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In landmark move, Seoul opens liaison office in North Korea

Youkyung Lee, Bloomberg News on

Published in News & Features

SEOUL, South Korea -- South Korea opened a liaison office at an industrial park it sponsors in the North Korean city of Gaeseong on Friday, allowing rival officials to communicate around-the-clock for the first time since the start of the Korean War.

Seoul's Unification Ministry said more than 50 South Koreans crossed the border to Gaeseong to attend the opening ceremony. It said it hoped the new communication channel would ease tensions between the two countries, with an aim toward bringing about the denuclearization of the North.

The two Koreas agreed to open the liaison office during a historic April summit between their South Korean President Moon Jae-in and North Korean leader Kim Jong Un, who are scheduled to meet for a third time next week in Pyongyang. The office is among the initiatives supported by Moon -- including August reunions between families separated by the 1950-53 war -- as he attempts to build on a rapprochement with Kim.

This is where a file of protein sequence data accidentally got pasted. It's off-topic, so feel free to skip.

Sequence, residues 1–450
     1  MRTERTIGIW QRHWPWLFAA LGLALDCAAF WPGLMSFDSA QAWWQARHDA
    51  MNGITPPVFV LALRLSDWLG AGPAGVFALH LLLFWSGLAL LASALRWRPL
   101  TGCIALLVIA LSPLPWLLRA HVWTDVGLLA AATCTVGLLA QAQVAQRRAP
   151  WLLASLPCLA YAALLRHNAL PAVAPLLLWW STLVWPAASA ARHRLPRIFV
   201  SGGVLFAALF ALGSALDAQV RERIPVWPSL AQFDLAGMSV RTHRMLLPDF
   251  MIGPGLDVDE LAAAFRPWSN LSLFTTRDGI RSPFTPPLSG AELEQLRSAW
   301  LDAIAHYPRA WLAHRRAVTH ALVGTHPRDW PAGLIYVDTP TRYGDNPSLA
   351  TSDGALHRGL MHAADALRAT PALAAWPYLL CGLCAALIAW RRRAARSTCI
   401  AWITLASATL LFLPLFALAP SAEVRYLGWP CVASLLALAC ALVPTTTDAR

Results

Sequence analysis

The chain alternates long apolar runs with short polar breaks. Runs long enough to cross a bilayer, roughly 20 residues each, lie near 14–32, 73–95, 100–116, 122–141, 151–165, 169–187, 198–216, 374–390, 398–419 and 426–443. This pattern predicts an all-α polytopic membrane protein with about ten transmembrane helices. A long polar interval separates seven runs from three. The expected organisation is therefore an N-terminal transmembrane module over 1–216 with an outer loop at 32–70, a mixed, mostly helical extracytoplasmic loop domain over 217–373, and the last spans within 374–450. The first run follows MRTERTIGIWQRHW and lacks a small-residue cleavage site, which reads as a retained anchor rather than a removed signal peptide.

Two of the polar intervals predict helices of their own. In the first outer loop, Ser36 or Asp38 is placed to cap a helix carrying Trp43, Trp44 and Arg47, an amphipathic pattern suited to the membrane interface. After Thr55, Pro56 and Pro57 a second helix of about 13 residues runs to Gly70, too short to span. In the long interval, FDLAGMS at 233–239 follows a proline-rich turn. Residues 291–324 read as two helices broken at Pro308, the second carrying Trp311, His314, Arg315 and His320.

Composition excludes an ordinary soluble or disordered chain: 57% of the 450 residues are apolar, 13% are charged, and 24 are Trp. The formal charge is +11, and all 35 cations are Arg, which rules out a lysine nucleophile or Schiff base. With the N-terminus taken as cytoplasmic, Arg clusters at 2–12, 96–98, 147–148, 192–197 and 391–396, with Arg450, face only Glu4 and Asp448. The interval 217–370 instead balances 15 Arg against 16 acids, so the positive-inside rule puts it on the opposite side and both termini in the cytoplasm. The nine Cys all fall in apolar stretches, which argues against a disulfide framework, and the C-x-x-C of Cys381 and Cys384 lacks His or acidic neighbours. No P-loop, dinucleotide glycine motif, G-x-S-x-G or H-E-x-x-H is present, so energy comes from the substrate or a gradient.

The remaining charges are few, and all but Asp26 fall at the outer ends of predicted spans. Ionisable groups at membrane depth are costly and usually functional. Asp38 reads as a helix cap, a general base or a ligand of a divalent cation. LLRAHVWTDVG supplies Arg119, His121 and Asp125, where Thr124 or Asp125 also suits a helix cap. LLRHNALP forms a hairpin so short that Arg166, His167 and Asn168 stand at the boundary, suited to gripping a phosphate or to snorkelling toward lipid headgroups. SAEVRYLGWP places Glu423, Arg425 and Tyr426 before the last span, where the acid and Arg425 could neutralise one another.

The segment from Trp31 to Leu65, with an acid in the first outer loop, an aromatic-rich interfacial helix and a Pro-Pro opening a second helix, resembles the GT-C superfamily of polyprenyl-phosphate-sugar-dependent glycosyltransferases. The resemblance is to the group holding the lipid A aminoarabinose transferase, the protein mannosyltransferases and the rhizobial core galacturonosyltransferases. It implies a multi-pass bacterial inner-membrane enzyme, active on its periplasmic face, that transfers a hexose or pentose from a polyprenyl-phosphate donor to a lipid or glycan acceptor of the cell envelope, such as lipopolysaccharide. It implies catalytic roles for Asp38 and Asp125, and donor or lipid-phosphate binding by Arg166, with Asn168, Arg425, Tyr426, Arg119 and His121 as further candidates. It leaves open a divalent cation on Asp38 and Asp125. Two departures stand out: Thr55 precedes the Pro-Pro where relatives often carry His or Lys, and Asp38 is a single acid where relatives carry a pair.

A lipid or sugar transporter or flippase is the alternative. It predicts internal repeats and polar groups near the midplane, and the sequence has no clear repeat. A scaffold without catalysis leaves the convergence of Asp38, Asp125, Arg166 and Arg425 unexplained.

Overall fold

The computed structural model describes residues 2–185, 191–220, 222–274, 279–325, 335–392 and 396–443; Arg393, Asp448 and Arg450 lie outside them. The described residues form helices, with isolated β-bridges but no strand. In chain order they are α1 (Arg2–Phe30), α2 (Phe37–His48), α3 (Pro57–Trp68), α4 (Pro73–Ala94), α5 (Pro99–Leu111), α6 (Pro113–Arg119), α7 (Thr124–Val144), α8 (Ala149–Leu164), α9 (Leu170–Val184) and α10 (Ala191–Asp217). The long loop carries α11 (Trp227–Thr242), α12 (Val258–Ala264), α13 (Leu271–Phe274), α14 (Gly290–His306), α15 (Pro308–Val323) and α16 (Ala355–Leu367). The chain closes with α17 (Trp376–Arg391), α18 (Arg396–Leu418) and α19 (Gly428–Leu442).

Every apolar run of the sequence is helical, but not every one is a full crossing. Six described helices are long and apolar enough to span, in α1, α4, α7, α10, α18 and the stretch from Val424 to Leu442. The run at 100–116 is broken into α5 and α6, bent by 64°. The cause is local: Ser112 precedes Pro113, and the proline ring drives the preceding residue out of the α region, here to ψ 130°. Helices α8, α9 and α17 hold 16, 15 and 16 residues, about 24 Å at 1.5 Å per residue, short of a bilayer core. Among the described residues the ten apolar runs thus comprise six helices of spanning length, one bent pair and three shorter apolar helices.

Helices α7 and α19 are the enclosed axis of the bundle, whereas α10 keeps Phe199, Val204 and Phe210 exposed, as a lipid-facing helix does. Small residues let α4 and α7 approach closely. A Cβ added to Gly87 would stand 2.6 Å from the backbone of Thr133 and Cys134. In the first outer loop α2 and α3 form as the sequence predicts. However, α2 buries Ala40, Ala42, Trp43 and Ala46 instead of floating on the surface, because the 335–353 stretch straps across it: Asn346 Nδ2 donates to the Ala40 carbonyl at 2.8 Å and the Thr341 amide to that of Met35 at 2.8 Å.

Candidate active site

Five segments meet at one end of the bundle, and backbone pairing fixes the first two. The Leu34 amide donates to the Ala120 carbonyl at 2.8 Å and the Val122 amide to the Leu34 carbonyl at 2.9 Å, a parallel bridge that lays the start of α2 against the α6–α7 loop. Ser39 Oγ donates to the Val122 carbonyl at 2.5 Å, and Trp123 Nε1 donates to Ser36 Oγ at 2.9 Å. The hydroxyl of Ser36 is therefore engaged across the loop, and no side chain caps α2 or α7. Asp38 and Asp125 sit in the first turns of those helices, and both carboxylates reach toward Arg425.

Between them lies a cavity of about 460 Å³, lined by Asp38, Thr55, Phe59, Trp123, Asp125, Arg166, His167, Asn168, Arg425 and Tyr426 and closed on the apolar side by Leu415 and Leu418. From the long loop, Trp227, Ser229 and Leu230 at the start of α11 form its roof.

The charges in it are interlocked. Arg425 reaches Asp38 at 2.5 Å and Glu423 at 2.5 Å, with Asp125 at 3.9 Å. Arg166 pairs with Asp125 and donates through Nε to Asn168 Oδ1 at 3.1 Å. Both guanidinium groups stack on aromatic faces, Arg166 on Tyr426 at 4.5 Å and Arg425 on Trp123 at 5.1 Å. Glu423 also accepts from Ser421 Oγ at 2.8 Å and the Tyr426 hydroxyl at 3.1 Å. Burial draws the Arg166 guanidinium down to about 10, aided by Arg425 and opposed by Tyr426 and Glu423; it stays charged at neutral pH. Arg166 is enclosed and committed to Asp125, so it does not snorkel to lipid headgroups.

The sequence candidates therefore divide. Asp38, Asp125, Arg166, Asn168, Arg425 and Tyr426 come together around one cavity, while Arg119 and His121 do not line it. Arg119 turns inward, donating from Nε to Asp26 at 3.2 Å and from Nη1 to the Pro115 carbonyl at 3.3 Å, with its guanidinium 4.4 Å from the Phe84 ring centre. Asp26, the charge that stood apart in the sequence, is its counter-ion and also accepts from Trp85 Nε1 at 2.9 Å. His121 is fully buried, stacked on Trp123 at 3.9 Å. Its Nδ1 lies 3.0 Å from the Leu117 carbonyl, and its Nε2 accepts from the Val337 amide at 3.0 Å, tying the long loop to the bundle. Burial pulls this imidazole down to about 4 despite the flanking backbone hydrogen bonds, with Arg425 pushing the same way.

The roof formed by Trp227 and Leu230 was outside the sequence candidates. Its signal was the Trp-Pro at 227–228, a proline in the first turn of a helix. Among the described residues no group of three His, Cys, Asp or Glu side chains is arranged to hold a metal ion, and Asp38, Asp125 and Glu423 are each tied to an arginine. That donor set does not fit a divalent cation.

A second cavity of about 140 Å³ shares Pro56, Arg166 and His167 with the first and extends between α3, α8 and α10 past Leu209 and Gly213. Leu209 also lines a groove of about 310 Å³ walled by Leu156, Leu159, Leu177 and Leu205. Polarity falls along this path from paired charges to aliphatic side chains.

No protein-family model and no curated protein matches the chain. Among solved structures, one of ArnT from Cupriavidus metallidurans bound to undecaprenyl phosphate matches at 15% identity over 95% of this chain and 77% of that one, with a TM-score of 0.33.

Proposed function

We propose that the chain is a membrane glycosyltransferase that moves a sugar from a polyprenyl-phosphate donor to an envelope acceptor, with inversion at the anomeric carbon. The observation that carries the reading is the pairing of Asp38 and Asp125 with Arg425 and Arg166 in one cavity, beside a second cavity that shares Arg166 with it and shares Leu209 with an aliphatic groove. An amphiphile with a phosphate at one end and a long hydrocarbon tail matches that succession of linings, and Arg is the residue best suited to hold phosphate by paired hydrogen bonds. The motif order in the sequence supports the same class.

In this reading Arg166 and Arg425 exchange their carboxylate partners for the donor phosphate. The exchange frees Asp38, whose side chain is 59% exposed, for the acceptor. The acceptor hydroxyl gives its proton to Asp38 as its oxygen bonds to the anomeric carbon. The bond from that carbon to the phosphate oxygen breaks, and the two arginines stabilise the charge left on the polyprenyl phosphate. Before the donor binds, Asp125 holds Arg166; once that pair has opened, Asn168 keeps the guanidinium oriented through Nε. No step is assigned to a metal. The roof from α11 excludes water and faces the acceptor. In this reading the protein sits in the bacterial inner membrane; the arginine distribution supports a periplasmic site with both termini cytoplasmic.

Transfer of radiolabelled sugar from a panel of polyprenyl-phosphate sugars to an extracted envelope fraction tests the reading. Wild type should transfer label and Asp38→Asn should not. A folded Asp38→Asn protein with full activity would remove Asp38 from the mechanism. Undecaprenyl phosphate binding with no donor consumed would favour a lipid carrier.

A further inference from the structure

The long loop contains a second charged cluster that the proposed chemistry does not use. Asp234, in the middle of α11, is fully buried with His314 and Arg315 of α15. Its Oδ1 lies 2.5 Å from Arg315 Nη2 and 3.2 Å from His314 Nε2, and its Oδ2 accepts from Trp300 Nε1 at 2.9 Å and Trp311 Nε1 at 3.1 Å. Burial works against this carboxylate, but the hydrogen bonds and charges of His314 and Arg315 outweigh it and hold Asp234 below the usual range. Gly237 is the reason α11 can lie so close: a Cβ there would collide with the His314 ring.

Some 15 to 20 South Koreans -- and a similar number of citizens from the North -- will staff the center on weekdays from 9 a.m. to 5 p.m., the ministry said. Vice-minister Chun Hae-sung, a special envoy of Moon who met Kim last week, will be one of the office's two heads. Chun will hold a weekly meeting with his North Korean counterpart, whose name is not yet known, according to the ministry.

The Aug. 20 announcement of the office's establishment raised concerns in the U.S. about whether it would violate sanctions meant to penalize Pyongyang over its nuclear arsenal. But on Thursday, the United Nations Command said it had approved South Korean vehicles and personnel to cross the border into North Korea and begin constructing a communications center at the Gaeseong complex.

The UNC will continue to support the engagement between the Koreas, Gen. Vincent Brooks, its commander, said in a statement. Ensuring communication between two sides is "a way to prevent incidents or crises," he said.

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